The people of Wadeye recently stormed past 1,000,000 beverage containers being recycled through the local collection point, removing a significant volume of rubbish from the town and surrounding country. In addition, over 1,000 old car batteries have been recycled, equivalent to 10,000 kg of lead and acid removed from country.
The recycling program at Wadeye was established by the Thamarrurr Rangers in 2016, following years of collecting marine debris from the vast 250 km coastline of the Thamarrurr Region. The Rangers looked at ways of reducing the source of this rubbish and found that ~70% consisted of plastic bottles, cans and other beverage containers. This led to the decision to start a Container Deposit Scheme (CDS) collection point in the community.
The Wadeye Community has been highly receptive to the recycling program and have earnt over $100,000 in refunds from beverage containers, and over $4,000 from old car batteries. In addition, Rangers have worked on increasing community awareness about the harmful impacts of rubbish on the land, sea and wildlife, and promoted opportunities for re-use and recycling.
“The most important thing about recycling the bottles and cans is that it helps keep the country and community clean”
Senior Ranger Maureen Girindilil Simon said.
Ranger Manager Peter Sheldon said that, “the container deposit scheme has become embedded in the Wadeye community as an important part of the solution to the rubbish problem. Its value has also reached beyond Wadeye, with Rangers regularly receiving calls from people wanting to bring in their bottles, etc from Palumpa, Peppimenarti and outstations in the Region. Remote communities are responsive to finding solutions to the problems of rubbish that affects them. Innovation is required to overcome the challenges of distance, but I believe there is enthusiasm from our end.”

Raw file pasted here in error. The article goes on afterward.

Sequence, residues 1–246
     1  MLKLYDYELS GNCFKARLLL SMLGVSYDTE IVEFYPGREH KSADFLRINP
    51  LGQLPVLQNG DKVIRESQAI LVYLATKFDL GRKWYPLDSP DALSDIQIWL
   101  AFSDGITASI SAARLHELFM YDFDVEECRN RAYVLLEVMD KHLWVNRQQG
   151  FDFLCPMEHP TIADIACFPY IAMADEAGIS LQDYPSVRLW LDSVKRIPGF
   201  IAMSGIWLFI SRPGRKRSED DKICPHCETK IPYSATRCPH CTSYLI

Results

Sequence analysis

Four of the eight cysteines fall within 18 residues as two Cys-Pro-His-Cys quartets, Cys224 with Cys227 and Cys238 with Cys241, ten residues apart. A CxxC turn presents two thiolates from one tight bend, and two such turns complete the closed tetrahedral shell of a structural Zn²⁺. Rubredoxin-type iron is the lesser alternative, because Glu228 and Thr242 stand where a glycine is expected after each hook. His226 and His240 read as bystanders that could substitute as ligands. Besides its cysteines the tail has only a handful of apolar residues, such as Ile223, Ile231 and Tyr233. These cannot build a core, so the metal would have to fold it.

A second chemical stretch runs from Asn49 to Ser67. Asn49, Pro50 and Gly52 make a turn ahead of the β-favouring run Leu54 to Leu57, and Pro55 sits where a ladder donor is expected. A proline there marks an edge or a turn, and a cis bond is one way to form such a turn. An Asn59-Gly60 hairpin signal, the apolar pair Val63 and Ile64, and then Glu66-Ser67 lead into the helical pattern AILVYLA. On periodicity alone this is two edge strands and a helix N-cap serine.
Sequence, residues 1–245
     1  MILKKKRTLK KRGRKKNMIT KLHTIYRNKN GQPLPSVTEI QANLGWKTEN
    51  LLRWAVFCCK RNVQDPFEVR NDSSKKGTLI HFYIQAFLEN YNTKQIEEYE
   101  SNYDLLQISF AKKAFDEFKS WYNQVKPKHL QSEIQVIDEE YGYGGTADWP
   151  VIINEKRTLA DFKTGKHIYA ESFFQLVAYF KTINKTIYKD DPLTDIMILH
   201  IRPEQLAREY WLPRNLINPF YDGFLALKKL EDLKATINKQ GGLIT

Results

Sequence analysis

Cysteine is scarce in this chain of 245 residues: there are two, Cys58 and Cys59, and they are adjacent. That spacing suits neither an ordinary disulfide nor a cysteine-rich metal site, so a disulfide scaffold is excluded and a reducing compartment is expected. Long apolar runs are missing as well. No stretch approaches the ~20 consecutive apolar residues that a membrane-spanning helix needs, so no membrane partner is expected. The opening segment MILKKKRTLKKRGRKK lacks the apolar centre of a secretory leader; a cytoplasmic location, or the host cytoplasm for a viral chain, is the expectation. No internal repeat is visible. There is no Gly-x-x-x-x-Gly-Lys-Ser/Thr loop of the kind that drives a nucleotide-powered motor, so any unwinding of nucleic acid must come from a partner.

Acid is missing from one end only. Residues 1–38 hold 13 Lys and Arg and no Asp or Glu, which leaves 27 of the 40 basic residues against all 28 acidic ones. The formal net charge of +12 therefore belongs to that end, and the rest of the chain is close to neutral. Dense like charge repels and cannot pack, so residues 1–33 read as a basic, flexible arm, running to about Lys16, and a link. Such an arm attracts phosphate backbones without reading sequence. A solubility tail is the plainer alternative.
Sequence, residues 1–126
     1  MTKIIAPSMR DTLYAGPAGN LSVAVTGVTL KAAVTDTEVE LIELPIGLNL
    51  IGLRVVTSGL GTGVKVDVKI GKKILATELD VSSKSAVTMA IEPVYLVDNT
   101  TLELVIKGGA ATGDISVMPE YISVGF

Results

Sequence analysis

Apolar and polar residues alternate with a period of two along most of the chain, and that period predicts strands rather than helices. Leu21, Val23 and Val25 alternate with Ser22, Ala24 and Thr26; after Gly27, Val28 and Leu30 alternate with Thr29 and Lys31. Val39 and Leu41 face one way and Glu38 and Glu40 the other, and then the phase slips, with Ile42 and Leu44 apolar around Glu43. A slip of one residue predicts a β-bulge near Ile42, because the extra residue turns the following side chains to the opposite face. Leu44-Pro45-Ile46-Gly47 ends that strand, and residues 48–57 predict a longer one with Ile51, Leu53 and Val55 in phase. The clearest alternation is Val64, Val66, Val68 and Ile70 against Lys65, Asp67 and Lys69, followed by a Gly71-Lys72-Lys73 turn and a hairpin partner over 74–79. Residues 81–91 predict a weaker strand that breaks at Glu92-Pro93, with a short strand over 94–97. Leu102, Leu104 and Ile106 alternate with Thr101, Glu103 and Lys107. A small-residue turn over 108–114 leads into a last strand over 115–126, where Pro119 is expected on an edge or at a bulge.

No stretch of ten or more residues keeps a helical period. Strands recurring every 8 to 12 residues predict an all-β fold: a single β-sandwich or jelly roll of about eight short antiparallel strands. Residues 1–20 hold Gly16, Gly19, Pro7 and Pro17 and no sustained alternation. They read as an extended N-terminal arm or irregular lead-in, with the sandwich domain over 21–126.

The local recycling program has been supported by Thamarrurr Development Corporation (TDC), Murin Association Incorporated and Bevcon Recycling, to maintain the collection point, transport recyclable materials from Wadeye to Darwin, and establish a system for refunds. Northern Territory Government has also supported the initiative through funding for basic infrastructure at the CDS collection point, and recently to undertake an environmental audit of the organisation.
The future for recycling and environmental sustainability is exciting at Wadeye. TDC has recently completed an environmental audit of its operations, looking at waste management and recycling opportunities more broadly across the organisation and community, as well as energy efficiency. This
work has identified opportunities for reduction of waste and energy use, and innovative ideas for small business creation is being explored as a result of the focus on improving habits and practices.
For queries or further information please contact the TDC Office on 08 89781305